For those in need, buses provided by the state will transport people seeking evacuation to shelters in Austin.
For general, nonemergency, emergency management questions, residents may call 409-938-9225. During an emergency, the city prefers that residents utilize the city’s website, www.cityoflamarque.org, as it will be updated on a regular basis. In addition, a hotline will be set up and the number is 409-938-9260, Todaro said.
• During emergency situations, League City will utilize all communication tools available to keep residents informed and up to date on weather impacts, city services and much more.
• League City residents can register with the city’s mass notification system to receive alerts if a storm impacts the area by visiting www.leaguecity.com.
• The city’s website, social media sites (Facebook, Twitter and Instagram) and Comcast Channel 16 also will provide residents with the critical information needed during emergency situations.
• City officials encourage residents who would need evacuation assistance during a hurricane to call 211 and register with the State of Texas Emergency Assistance Registry program early.
• League City’s nonemergency number for the League City Office of Emergency Management is 281-554-1300.
• Additional information is available at www.readylc.com.
Residents may sign up to receive notifications to their cellphone or landline by calling city hall, 409-925-6412, and asking to be put on the Blackboard Connect list, said police Capt. Philip Meadows.
The city uses the notification system to update people about road closures, community events and storm and weather updates, he said.
“We send out information with weather updates, evacuation routes and what we’re expecting to happen with the storm,” Meadows said.
The city relies on the county’s emergency management plan to determine whether to call for an evacuation.
The police department will host a neighborhood meeting around the start of hurricane season with people from the National Weather Service where they will give out tips about how to prepare for storms, Meadows said. A date for that meeting has not yet been set.
Texas City did not call an evacuation during Hurricane Ike because of its protection from the levee, pump system and flood gates, said Derek Duckett, the city’s emergency management coordinator. It is unlikely the mayor will call for a mandatory evacuation unless it is a Category 4 or 5 storm, he said. Before and after the storm, the city uses its call system to notify residents about what is happening.
• People can sign up to receive emergency notifications through the city’s website, www.teas-city-tx.org. Residents also can call 409-948-3111 and ask to be added to the list.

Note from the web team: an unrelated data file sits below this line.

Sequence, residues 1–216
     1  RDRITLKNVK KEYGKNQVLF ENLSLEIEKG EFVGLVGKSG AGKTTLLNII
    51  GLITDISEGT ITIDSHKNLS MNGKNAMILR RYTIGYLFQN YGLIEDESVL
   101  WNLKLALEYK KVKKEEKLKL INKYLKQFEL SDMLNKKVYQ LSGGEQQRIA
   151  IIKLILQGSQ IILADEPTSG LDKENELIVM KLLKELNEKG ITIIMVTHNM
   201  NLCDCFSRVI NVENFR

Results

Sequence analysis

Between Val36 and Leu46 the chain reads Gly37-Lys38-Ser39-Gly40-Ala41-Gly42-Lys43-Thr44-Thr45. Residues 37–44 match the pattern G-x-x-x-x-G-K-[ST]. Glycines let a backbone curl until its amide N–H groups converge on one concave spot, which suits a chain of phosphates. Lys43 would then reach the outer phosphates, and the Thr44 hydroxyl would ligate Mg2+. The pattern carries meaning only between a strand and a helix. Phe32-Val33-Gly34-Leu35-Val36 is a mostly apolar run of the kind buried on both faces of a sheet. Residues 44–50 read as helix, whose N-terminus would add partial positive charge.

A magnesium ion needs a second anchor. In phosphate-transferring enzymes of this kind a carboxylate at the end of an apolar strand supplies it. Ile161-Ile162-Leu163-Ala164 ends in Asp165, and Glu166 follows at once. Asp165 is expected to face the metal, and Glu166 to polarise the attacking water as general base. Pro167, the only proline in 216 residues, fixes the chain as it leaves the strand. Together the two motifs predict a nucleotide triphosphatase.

• Buses transporting people between the county and the shelter do pick ups in Texas City. Residents can call 409-948-3111 to learn where the buses will arrive.
Unincorporated Galveston County
• For information on hurricane preparedness in all unincorporated areas in the county, contact Galveston County Emergency Management at www.gcoem.org or by calling 281-309-5002 or reach the 24/7 hotline at 888-384-2000. Find them on Facebook and Twitter for emergency updates.
• Visit gcoem.org to sign up for transportation in the event of a hurricane if you are without a vehicle or have medical considerations. If you know of neighbors or friends who may need transportation, encourage them to sign up. You are not required to take the assistance, but it will ensure you will get help if needed.
• Sign up for the county Blackboard Connect system, which will provide alerts in case of a hurricane by home phone, cellphone, text and email. The tool is the best way to hear about community events and get emergency alerts.
• Residents in San Leon and Bacliff can contact their water department to sign up for the notification systems for interrupted service in a hurricane and other water notices.
• County emergency management officials say communities in low-lying areas of the county should be especially aware of the need to evacuate. Those areas often hardest hit by a hurricane include Bayou Vista, Bolivar and San Leon. Many people in those areas stayed during Hurricane Ike even after the Bolivar Ferry stopped running and water service was halted. More than 120 had to be evacuated in Bolivar. Emergency management officials said residents should take notice of those major closures as a sign it is necessary to leave when a hurricane may be on its way.
From Staff Reports